adulthood it was by that record. People think it must have been a
very tragic period of my life, with breaking my back and all, but
1974 was the happiest moment of my life. The record came out, it
came out how I wanted it to come out, it was made with friends.
Alfie married me on the day it came out, which was a
disgracefully self sacrificial thing of her to do, but made me
RUTH IS STRANGER THAN RICHARD
On that record I wanted to give the musician I was working
with more space to do their own thing. I set up "Team Spirit" as a
tenor solo for George Kahn. And there again - I got Fred Frith to
play some of his own tunes - still some of the favorite things
I've ever recorded actually. "Muddy Mouse/Muddy Mouth". In fact
before doing those tunes he played this note, I can't remember
what it was - some sort of high D or even an E flat. And I said to
Fred "I can't sing that" and Fred says "Yes, you can. Your range
is from a low F to a high F#." He listened to my records and knew
exactly what notes I'd hit on various records and told me I could
do it, so I had to do it.
NOTHING CAN STOP US
This wasn't intended as an LP. Virgin was very angry with
me when I disengaged myself from them and they threatened us not
to make an LP or there would be legal trouble. While Geoff Travis
at Rough Trade was trying to sort that out and placate Richard
Branson, they allowed us to make a few singles, which is what I
did. And it allowed me to sing some songs by people like Violetta
Parra and so on... that meant a lot to me. But I did them, more or
less, as a musical journalism really. I didn't feel these ideas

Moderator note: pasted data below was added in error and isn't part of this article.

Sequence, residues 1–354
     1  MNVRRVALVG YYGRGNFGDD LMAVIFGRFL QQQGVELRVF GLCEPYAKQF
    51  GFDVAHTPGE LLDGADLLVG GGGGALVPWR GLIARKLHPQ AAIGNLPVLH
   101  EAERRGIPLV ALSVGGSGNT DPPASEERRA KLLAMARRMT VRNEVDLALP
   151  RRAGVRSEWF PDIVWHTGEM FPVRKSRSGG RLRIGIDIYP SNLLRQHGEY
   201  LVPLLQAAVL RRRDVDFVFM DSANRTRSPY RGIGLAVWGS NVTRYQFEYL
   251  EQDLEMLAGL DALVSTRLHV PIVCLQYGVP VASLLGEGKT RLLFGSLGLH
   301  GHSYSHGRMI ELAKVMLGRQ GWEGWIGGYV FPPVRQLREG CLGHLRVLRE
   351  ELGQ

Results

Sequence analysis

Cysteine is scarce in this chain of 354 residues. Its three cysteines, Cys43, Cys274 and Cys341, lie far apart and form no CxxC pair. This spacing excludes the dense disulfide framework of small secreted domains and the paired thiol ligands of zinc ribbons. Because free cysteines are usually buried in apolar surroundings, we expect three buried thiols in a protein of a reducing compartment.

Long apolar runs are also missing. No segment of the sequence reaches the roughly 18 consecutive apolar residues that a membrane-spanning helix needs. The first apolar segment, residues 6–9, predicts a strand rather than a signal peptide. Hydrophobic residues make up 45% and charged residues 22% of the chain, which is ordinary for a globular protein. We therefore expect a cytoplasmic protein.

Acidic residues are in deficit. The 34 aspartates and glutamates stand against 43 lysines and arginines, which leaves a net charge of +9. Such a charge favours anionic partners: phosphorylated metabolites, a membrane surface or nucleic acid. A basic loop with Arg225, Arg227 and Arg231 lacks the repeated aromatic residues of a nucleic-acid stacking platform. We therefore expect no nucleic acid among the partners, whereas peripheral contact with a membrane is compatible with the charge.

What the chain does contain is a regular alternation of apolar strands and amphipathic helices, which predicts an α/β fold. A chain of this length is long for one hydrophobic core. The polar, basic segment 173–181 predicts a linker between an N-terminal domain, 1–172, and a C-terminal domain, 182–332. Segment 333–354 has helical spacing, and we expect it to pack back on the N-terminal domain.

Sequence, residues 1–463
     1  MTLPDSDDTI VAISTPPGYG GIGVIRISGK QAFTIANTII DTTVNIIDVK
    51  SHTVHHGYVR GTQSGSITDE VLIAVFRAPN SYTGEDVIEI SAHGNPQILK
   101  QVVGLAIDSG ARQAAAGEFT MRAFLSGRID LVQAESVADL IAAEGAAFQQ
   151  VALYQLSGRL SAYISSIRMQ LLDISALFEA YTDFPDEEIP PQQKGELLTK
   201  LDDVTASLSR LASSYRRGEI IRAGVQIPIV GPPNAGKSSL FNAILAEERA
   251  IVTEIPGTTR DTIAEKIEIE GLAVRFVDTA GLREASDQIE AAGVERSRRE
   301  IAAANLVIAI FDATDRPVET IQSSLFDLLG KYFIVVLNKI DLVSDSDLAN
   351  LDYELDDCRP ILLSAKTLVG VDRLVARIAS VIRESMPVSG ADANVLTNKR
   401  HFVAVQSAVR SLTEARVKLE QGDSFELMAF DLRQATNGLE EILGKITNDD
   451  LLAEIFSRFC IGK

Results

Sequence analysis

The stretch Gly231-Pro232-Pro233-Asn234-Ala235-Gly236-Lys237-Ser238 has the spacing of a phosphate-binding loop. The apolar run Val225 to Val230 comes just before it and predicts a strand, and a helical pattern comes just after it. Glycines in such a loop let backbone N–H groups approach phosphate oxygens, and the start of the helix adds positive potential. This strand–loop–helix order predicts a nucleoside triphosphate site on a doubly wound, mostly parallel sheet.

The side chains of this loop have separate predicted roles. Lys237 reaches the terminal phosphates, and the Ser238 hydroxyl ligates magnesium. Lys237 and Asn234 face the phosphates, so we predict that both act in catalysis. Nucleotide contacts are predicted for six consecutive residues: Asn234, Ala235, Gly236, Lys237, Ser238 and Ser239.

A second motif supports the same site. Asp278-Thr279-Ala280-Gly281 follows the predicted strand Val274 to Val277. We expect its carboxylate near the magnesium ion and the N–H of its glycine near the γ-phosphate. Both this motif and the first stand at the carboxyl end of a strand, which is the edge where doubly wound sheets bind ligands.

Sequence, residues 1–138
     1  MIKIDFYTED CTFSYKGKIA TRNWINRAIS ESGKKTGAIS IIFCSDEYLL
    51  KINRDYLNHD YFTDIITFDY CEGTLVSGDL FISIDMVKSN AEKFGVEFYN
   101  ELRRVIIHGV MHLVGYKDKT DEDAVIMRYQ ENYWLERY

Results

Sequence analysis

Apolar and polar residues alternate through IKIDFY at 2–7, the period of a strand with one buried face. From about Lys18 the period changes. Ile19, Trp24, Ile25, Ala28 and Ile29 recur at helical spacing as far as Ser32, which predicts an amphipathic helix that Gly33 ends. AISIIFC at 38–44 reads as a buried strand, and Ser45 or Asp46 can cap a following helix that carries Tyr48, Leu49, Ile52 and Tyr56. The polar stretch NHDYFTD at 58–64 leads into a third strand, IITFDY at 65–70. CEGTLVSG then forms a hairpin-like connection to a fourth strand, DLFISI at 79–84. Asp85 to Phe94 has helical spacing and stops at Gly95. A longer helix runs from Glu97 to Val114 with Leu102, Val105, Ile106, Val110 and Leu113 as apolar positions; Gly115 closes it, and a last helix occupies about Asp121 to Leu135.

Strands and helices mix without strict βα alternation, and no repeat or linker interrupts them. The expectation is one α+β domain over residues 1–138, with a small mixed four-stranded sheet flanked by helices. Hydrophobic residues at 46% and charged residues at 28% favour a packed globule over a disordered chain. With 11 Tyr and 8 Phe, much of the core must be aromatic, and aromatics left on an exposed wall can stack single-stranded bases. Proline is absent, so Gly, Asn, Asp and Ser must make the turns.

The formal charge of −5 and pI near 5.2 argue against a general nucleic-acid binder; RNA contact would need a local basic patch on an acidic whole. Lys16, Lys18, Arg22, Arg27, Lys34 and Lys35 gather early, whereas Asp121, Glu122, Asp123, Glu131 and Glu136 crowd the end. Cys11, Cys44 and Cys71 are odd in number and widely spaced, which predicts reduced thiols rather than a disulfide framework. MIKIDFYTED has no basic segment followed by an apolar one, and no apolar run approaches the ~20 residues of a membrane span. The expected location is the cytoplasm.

had to last forever. It was Geoff Travis' idea to put them
together onto an LP.
ANIMALS FILM SOUNDTRACK
Julie Christy had been invited to do the narration on that
by Victor Shoenfield, who made the film. They had asked the
Talking Heads to do the music. They used one song of the Talking
Heads for the opening credit tracks and it cost them 500 pounds.
Well, since the budget for the whole film was just a few thousand
pounds they couldn't afford them for the whole score. Julie said
"I've got a friend who'll do it for really cheap." And it's true -
one thing I'm really proud of is I work cheap. Geoff Travis at
Rough trade once said "You may not be the most successful, or the
best musician we've ever had here at Rough Trade, but you're
certainly the cheapest." And indeed, I did the rest of the film
score for 100 pounds. They wanted it released to help publicize
the film and that's what I did.
I think making music for films is very good because you
have to break out of the normal song cycle structure. The
structure is given to you by the film. There is a structure but
it's quite different and that makes you do things quite
differently. I know Miles Davis had the same breakthrough when he
did music for a French film Lift To The Scaffold. I really
appreciate how useful that would have been for him when I was
doing the Animals Film.
That was done when I was very isolated from other
musicians, although I felt very at home spiritually with the
musicians of that era, perhaps even more than with the musicians
of my generation. The post punk people in England who were dealing
in extraordinary surrealist combinations of punk and reggae and
using old ska rhythms. There was a lot of great political music,
like Jerry Dammers and indeed, Paul Weller, around that time but
musically it was very different from me because it was very guitar
based and I come from quite a different line of thought musically.
So I found myself, more or less, on my own and working as a kind
of miniaturist there - just trying to get distilled, pure song on
it. And as political as the songs are, the main exercise was
really, an aesthetic one. To try and to get essential song. Just
to see how you could pare it down to that point. I'm also
interested in artists in other fields in that way. Whether it's
Samuel Beckett in writing, or Mondrien in painting it's a very
interesting exercise - to try and pair things down like that.
Dondestan was after we left London and came to live up
north of England, quite near the coast. We had spent some time in